The CEO of Apple power chip supplier Dialog Semiconductor sounded a positive note on the Chinese smartphone market on Thursday, though whether or not Apple will benefit remains to be seen.
"The market for mobile phones was pretty soft particularly in China in Q1, but I think from late Q1 and going forward it has started to pick up," Jalal Bagherli told CNBC. He noted however that Huawei and Xiaomi are "exhibiting much higher growth than others."
The country's weak iPhone sales began to recover in the March quarter, but are still dwarfed by local brands.
Nothing major will happen on a global level "until 5G really kicks in," Bagherli continued, "which will be probably a year to 18 months from now."
Apple's 2019 iPhones, coming this fall, are expected to use 4G Intel modems even though some of the first 5G Android phones are on the market. Intel was reportedly too slow developing 5G chips, and in fact said it would exit that field following Apple's legal settlement with Qualcomm. That's setting the stage for 2020 iPhones to use 5G Qualcomm parts.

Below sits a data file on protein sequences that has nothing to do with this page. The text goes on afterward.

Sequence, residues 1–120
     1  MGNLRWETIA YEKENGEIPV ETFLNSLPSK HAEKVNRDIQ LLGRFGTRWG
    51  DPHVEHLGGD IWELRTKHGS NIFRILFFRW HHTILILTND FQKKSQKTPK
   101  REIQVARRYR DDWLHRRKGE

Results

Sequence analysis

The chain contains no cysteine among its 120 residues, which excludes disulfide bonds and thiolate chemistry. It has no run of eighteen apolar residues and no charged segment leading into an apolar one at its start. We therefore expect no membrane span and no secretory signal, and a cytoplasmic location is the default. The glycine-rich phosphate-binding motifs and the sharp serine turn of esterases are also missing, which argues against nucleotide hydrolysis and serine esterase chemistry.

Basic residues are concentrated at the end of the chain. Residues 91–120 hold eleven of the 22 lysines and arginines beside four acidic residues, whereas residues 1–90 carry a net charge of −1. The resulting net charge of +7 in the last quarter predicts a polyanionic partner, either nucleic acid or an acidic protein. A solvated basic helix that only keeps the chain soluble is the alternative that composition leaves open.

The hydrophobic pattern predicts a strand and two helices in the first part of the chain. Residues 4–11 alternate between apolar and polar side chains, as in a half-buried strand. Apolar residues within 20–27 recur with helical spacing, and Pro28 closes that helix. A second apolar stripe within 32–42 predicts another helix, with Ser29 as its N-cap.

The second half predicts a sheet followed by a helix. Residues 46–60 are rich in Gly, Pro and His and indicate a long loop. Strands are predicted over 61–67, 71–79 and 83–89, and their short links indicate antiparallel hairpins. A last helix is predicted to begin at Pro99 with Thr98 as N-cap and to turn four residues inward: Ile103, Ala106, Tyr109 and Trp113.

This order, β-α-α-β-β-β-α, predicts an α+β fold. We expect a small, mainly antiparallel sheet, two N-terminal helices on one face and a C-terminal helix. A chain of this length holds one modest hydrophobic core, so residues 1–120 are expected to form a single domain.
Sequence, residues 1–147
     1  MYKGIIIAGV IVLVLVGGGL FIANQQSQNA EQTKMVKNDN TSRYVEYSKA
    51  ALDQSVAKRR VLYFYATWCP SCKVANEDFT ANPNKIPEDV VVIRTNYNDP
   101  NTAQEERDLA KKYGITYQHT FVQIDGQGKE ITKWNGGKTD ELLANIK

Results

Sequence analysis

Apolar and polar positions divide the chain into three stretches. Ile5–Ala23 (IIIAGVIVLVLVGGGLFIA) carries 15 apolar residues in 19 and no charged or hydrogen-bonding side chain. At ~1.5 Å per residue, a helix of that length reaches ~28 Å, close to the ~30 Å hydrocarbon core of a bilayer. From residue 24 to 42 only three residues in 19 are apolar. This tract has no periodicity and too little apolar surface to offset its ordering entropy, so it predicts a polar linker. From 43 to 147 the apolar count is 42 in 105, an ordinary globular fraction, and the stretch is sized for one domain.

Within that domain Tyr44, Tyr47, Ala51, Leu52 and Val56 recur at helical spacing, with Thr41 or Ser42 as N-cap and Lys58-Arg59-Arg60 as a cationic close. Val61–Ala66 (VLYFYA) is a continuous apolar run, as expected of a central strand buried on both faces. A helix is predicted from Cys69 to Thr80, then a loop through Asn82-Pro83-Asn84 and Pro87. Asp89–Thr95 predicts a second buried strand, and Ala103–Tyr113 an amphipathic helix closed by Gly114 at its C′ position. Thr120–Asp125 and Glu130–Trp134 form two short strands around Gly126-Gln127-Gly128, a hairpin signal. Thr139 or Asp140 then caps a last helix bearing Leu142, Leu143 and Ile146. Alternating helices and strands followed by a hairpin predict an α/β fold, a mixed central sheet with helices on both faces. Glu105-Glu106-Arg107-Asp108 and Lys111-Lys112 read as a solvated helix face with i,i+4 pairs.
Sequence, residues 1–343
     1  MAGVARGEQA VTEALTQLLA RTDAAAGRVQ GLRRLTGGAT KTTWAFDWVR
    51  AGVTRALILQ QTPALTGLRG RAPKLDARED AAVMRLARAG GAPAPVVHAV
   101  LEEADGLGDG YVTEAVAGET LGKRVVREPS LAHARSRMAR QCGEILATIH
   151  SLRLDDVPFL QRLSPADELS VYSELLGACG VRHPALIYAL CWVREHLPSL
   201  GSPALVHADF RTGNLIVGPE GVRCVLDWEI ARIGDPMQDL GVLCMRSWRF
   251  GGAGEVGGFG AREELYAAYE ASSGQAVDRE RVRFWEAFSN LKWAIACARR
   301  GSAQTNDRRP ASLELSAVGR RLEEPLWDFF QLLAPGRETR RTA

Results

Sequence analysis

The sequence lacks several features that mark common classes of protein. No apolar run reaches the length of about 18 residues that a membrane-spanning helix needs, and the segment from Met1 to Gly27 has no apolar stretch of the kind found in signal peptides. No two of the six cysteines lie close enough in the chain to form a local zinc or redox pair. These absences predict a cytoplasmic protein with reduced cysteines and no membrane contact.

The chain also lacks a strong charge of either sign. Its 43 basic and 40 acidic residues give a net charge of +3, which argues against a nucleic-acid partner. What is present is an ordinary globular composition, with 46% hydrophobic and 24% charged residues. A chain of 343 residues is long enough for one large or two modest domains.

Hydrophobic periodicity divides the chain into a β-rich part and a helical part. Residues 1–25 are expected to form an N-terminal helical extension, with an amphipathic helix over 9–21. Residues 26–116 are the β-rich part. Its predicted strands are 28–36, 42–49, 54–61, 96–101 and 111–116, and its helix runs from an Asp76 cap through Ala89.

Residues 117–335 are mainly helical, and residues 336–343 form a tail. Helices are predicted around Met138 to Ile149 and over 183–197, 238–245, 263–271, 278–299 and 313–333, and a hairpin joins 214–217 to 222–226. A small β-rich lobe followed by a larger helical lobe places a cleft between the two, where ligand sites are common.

5G can be dramatically faster than 4G, to the point that it may be a replacement for landline internet in some cases, and is often considered essential for the spread of technologies like AR, VR, and self-driving cars. U.S. coverage is still extremely limited though, and the fastest variety — millimeter wave — has a short range that will mostly limit it to urban areas.
Dialog announced its March-quarter earnings on Thursday, in which it revealed that over 300 of its workers have moved to Apple, and that Apple business not covered by a $600 million licensing deal rose 92 percent year-over-year to $46 million.
Apple is bringing power chip designs in-house. To make that happen it paid Dialog $300 million upfront in 2018, promising another $300 million to buy assets through 2021. That's forced Dialog to seek other clients in sectors like automotive, industrial, and IoT.